Fergus Neil knows all about debilitating injuries but this time it was threateningly different for the Napier City Rovers player.
For Neil, it was the uncertainty surrounding the time he was going to have spend off the park after picking up a knee injury with Thirsty Whale Hawke's Bay United in the summer of 2016-17 that went on to rob him of more than 20 months at the peak of his career, including the entire last season for his beloved Blues in the Ultra Football Central League.
It's the kind of injury that leaves blokes like him becoming familiar with their anatomy in biology book-like fashion, akin to a mechanic who doesn't need to reach for the vehicle's instruction manual in the glove compartment.
"It was a knee injury, the cartilage underneath my patella," says the 27-year-old rightback who had surgery for it last year but will maintain a 100 per cent appearance for the Thirsty Whale-sponsored Blues this season when they kick off at 2pm against Stop Out Sports Club in Napier in round three tomorrow.
The recovery phase had felt like waiting for the referee to blow the final whistle with the opposition raiding the goalmouth and coming precariously close to denying the potential victors of three points.
"It just took that long to recover," he explains, revealing he had tried to run it off but in July 2017 it became obvious it was counterproductive.
"I just couldn't run for a long time as much as I had wanted to."
Listening to voices in his head while trying to exorcise the injury demons is something he doesn't wish on anyone.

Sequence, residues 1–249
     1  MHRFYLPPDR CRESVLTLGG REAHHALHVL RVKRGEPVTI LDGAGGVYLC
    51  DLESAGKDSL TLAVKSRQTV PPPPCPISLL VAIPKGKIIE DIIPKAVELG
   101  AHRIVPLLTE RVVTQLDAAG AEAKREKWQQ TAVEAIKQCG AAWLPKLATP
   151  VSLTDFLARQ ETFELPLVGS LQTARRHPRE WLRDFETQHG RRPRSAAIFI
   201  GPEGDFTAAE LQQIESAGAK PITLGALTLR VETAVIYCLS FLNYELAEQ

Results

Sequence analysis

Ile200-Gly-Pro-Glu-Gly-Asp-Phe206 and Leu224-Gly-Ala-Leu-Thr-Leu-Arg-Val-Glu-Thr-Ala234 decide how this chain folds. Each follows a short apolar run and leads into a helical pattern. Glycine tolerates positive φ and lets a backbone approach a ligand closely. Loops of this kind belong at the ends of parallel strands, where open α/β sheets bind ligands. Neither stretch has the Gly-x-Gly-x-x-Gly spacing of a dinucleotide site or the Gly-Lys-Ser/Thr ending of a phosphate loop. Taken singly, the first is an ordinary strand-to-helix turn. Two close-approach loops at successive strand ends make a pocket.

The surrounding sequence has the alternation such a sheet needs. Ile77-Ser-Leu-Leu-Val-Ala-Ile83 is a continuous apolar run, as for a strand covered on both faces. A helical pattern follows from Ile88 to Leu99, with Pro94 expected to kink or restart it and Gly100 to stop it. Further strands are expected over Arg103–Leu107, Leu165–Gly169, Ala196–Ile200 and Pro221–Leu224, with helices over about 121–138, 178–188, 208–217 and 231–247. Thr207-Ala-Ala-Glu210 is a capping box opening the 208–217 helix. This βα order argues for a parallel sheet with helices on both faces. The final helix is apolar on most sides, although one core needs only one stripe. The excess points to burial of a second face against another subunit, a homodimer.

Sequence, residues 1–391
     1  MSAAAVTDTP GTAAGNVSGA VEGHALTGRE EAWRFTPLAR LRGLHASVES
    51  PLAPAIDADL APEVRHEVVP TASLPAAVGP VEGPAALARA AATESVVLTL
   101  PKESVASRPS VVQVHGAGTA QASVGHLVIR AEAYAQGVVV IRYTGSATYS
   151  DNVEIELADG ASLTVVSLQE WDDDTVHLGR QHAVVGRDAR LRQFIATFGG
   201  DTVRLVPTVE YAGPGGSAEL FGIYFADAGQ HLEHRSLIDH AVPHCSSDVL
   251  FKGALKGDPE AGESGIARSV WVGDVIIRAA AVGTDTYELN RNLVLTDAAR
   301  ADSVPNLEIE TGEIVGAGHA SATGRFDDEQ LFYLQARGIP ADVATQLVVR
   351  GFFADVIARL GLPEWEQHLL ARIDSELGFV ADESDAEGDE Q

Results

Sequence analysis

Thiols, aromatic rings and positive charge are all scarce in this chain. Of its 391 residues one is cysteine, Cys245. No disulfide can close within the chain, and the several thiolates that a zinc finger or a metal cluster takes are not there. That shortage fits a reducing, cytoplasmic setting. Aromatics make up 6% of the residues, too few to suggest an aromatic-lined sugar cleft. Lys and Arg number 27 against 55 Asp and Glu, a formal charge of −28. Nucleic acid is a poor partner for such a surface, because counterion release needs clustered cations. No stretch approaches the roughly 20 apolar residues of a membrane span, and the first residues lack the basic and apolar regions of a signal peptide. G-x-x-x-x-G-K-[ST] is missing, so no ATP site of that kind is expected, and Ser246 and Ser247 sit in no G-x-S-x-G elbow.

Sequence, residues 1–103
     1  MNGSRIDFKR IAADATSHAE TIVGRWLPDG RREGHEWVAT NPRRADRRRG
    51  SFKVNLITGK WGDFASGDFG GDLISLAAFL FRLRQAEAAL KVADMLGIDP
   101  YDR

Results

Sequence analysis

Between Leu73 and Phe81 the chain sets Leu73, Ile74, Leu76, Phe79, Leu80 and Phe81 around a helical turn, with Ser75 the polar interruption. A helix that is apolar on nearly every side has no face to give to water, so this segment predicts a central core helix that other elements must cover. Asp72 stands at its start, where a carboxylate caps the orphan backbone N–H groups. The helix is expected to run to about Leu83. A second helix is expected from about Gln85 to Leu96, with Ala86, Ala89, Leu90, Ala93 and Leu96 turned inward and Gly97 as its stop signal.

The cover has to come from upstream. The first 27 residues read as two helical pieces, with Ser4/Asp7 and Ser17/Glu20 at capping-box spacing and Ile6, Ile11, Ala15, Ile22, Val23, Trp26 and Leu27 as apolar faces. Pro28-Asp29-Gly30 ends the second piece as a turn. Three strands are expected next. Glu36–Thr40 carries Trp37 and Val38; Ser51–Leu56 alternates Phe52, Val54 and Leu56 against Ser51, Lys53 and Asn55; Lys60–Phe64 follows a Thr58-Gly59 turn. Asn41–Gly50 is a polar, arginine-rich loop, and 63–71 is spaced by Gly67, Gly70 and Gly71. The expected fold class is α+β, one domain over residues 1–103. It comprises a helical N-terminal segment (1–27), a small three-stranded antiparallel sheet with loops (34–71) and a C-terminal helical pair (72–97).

"It's probably the worst thing about it," says Neil. "When I thought it was going to get better, it never did because even walking up and down the stairs became quite tricky at times."
Frustratingly he put himself in the cross examination box to ponder if that was the end of his mobility, as he knew it, never mind playing again.
The knee niggle, if you like, even eclipsed the horrific broken jaw Neil had picked up with Bay United in November 2013 that left him sipping fruit smoothies and protein shakes with a straw. In 2008 he also had torn the ligament in his right knee.
"They were two different injuries, actually," he says. "A broken jaw — it sounds a bit nasty and it kind of was — was really a quick recovery.
"I lost a lot of weight because I couldn't eat but, really, I only missed five or six weeks of football but this time it was about 600 days with a niggly knee injury."
Nevertheless, Neil frequented the gym to exercise his upper torso while resting his knee this time.
"Gradually I was able to use my legs again, getting back on the bike in the gym and on the cross trainer at times and then slowly on to the treadmill for some strengthening through my legs."
With that sort of rehabilitation, it requires no interpretation to gauge how Neil feels to be back at Bluewater Stadium, Park Island, even though he's made way for a substitute around the 75-minute mark.
"Actually I've been thinking about it for such a long time so it's so refreshing to get back out there, as unfit as I am."
He salutes Jamie Wilkinson for coming in for him to see the matches through for two victories for the Bill Robertson-coached defending champions who are unbeaten and in third place.
Fourth-placed Stop Out, he says, are always physical and tend to stack their midfield in going for the jugular.
"They'll be pretty keen to get straight into our faces, I guess, you could say because they don't leave anything out there on the field," says the Porritt School teacher who graduated from the Eastern Institute of Technology yesterday. "They're a very physical side."
Neil says while the Blues have an unblemished start to their campaign he doesn't believe they have played to their potential yet.
"We've still got a lot to learn and the good thing is we can sat that and we've still got two wins under our belt so we're in a good place at the moment and still make moves."
He isn't fussed about the weather forecast but welcomes a little bit of drizzle on a park that still has an aridity about it.